Travel: A Scandinavian Guide
Published on December 06, 2015
Northern Europeans endure long, relentless winter month with average temperatures that linger around 30 degrees. In some parts of Northern Norway, the sun doesn’t go past the horizon from late November to late January (and we thought darkness at 5pm was rough.) Denmark is also known for its long and dark winters, yet it’s rated as one of the happiest nations in the world. In this month’s issue of Easy Goer, we explore the concept of “hygge,” a Danish word that has no direct English translation, yet seems to be the key to maintaining high spirits throughout the winter months. Danish translator ToveMaren Stakkestad once said "Hygge was never meant to be translated. It was meant to be felt.” This intangible feeling can easily be described in one of our favorite English words: coziness. In homage to the Scandinavians and their commitment to winter well-being, we present a a guide to Norway care of our friend Kelsey Thayer. Here’s to a hyggelit winter! See Bergen: Also known as Tyskebryggen, is a series of colorful Hanseatic commercial buildings lining the eastern side of the fjord coming into Bergen, Norway. Since1979, Bryggen has been on the UNESCO list for World Cultural Heritage sites.
Bergen Center, Norway
The Fantoft Stave ChurchVisit Fantoft Stave Church - It is a reconstruction, but still has a history (albeit dark) that makes it worthy of the short train trip just outside of Bergen. The church was originally built in 1150. A “stave church” is a medieval wooden Christian church that used to be found all over Northwestern Europe, but most surviving churches remain in Norway.
Hillside homes seen from the tramTram to Mount Fløyen - A fun and quick trip in a funicular (a cable railway or tram) up to the top of the highest peak in Bergen to get a killer view of the town from Mount Fløyen. The journey to the top of the mountain only takes 5-8 minutes and there is a popular trail you can take on the way back down to Bergen. Taking the trail is a fun way to see the locals taking hikes and walking their dogs. There are many activities once you reach the peak including folk music, performances, and guided tours. More information here.
A tree sculpture in the Troll Forest on Mount FløyenTake a Fjord Boat Tour - The Norway in a nutshell tour takes you through some of Norway's most beautiful fjord scenery via boat. You can experience the scenic Bergen Railway, the breathtaking Flåm Railway, the Aurlandsfjord, the narrow Nærøyfjord and the steep hairpin bends of Stalheimskleiva (May-September). The trip runs daily all year. More info here.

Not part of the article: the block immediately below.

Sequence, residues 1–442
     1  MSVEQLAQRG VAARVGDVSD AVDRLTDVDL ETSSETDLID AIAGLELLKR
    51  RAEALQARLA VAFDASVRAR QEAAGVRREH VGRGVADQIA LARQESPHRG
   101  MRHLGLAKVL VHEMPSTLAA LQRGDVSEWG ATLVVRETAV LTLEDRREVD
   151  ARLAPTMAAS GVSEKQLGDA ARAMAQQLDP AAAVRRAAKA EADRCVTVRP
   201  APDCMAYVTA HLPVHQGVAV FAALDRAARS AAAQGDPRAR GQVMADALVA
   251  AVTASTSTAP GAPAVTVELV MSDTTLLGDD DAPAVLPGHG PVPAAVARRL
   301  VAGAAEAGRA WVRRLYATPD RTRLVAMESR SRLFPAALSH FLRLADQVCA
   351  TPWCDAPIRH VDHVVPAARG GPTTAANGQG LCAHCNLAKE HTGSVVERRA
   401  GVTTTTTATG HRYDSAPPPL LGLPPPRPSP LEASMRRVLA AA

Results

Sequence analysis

Pulling away from Balestrand by boat
The Sognefjord from the boatTake the Flamsbana to Oslo - The train ride from Bergen to Oslo is almost seven hours long but it will give you a front seat view of some of the most picturesque landscape in the country. The Flamsbana is named one of the top ten train trips in Europe and is renowned for being one of the most beautiful train rides in the world. More info here.
The view from the Flamsbana (in July!)
One of the sights from the train: A waterfall where a local Norwegian girl dances for tourists in a red dress.Explore Oslo - Start at Oslo Harbor and make your way to Karl Johans gate which is in the city center and host to many restaurants, cafes, nightclubs, and the best shopping. Make your way over to the Oslo Opera House which is home to the Norwegian National Ballet and Opera, and housed in a breathtaking modern building designed by the architect Tarald Lundevall. From there, take a boat taxi (which is an integral part of the local mass transit) to the Viking Ship Museum, which holds an epic collection of intact, original, wooden Viking ships. After that, tram it to the Vigeland Museum, showcasing the largest body of work of Norwegian sculptor Gustav Vigeland, who notably designed the Nobel Peace Prize medal.
The Oslo harbor
The Oslo Opera House
The Viking Ship Museum in OsloPhotos by Kelsey Thayer who is the Studio Manager at the Frontier Project. Follow her frequent travels here.